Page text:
Date of Publication


Document Type


Degree Name

Master of Social Work (MSW)


Social Work




Projective techniques, Child artists, Psychology of Drawing, Police



Physical Description

1 online resource (3, v, 55 leaves)


The overall objectives of this study had a dual focus. One was to determine the attitudes of children toward police from projective drawings. The second utilized the experience of performing the first objective to assess the possible adaptation and use of projective techniques in social work. One hundred and twenty-nine children from three different Portland public schools were given the topic “I met a policeman in my neighborhood” and asked to draw a picture. Second graders in an upper white socioeconomic school, a lower white socioeconomic school, and a school in a lower socioeconomic Negro area were compared. It was expected that the Negro children’s drawings of policemen would indicate more negative feelings than the drawings from either a similar socioeconomic group of white children or a higher socioeconomic group of white children. The lower socioeconomic white children’s drawings of policemen were expected to show more negative feelings than the drawings of the upper socioeconomic white group. To test the overall study hypotheses eight hypotheses were developed. These hypotheses were tested through eight judgment categories: distance between self and policeman, ratio of height of self to height of policeman, omitted body parts of policeman, large hands of policeman, number of weapons, and obvious aggression by policeman. Each picture was judged independently and blind by two judges. A third judge was used in cases of disagreement. Judgment agreement was above 95% for all eight categories. Resulting judgments for the three groups were compared on all eight items through chi square and median tests. A composite score for each picture consisting of the total number of the eight categories judged to be negative was then used to test the overall hypothesis. Comparison of the three groups on the individual categories yielded mixed results. The upper white group was significantly less negative than both other groups on the omissions item, and less negative than the lower socioeconomic Negro group on the height and smile items. Differences between the lower white and lower Negro socioeconomic groups and between the upper and lower white groups were inconclusive. The lower white group was more negative than the other groups on the omissions and less negative on the weapons items. These differences were not in the predicted direction. Testing of the overall hypothesis showed the upper white socioeconomic group less negative in their attitudes toward policemen than either the lower white or the lower Negro socioeconomic groups. There was no significant difference between the lower white and lower Negro socioeconomic groups. The study would suggest, then, that the upper socioeconomic white children have less negative attitudes toward policemen than either of the other two groups. This difference seems to be more socioeconomic than racial, since the Negro children’s drawings should have showed more negative attitudes than the white children of the same socioeconomic status if determinants were primarily racial. It was possible in this study for social workers to have high judgment agreement, but only by utilizing simplified and very concrete judgment criteria. Much skill and training are required for social workers to utilize the projectives. In addition, validity is difficult to determine, and interpretation of data using projective techniques can be uncertain and ambiguous. Given these limitations, the utilization of projective methods by social workers should be undertaken with caution.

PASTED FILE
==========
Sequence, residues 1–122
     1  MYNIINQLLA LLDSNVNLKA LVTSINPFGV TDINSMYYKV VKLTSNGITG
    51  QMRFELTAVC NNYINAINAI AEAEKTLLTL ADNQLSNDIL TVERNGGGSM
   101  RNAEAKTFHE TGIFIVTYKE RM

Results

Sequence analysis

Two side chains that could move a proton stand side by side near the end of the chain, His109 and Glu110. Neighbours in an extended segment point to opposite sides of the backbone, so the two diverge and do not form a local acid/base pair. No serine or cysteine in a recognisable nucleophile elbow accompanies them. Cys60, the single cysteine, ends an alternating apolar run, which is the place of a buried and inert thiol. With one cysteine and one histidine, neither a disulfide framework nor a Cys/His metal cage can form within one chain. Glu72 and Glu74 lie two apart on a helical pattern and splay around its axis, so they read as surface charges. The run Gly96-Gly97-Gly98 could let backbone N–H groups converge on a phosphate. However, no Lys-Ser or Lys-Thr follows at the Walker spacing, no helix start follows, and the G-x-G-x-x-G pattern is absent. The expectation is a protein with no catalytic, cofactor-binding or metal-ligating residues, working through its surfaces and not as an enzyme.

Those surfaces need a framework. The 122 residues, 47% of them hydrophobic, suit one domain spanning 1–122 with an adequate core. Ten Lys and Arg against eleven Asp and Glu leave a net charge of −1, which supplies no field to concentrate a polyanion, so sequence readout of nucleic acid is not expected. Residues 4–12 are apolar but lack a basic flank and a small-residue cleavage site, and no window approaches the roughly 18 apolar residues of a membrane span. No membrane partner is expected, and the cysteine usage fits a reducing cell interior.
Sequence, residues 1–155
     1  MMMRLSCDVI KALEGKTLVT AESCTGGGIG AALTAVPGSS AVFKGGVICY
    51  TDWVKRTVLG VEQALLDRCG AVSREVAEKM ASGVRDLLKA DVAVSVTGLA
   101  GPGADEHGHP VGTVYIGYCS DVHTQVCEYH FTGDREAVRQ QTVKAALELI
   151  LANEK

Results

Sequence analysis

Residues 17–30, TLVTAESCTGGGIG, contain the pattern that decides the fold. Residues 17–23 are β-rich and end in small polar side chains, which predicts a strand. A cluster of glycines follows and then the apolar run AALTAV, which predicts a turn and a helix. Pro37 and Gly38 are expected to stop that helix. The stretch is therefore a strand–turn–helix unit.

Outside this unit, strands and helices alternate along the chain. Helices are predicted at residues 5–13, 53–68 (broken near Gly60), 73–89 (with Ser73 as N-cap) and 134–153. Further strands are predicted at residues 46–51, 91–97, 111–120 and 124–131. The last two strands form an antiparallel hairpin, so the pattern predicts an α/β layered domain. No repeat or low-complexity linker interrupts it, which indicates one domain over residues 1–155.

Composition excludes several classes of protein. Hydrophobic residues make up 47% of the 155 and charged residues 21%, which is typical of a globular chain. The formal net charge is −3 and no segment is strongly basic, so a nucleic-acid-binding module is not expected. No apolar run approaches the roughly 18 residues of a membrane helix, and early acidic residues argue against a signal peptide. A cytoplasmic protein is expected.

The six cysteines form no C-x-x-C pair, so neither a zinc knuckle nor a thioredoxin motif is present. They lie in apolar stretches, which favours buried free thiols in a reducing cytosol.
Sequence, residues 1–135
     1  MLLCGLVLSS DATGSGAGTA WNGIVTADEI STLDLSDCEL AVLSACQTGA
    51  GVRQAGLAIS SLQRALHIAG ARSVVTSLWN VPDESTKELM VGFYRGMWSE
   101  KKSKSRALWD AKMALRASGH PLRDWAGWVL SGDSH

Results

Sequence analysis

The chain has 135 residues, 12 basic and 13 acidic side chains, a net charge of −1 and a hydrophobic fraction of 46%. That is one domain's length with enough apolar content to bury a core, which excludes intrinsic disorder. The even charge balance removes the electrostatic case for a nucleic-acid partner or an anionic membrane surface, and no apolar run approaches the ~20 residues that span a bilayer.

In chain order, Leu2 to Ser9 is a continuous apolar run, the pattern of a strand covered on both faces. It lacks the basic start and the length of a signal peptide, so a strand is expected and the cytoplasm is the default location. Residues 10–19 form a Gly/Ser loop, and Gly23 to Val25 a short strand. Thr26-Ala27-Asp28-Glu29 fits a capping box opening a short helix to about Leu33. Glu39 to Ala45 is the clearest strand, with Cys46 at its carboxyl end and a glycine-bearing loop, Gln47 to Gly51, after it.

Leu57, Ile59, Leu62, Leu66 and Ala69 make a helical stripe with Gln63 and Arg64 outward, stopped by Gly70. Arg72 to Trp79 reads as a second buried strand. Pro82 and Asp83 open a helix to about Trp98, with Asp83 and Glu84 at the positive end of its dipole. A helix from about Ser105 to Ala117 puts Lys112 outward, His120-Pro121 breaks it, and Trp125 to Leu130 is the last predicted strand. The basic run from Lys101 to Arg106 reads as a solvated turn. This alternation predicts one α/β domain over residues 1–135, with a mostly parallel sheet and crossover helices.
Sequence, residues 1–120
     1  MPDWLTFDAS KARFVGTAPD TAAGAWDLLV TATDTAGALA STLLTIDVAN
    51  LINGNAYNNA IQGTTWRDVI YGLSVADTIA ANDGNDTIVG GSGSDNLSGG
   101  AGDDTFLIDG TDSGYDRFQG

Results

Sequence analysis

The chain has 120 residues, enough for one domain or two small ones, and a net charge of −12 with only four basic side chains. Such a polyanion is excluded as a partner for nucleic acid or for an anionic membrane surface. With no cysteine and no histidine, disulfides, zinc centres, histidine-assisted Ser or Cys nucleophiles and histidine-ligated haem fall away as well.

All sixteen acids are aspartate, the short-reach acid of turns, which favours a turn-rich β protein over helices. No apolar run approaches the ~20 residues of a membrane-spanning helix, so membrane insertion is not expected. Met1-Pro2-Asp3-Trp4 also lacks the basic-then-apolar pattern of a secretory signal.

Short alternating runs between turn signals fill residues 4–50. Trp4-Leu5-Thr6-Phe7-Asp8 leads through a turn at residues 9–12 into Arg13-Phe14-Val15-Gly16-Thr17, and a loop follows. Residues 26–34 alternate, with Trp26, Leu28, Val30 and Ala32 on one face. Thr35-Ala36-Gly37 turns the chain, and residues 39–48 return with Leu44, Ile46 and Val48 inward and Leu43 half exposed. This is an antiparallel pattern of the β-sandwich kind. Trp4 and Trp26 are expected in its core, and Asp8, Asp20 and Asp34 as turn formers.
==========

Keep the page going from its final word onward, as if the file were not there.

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Portland State University. School of Social Work

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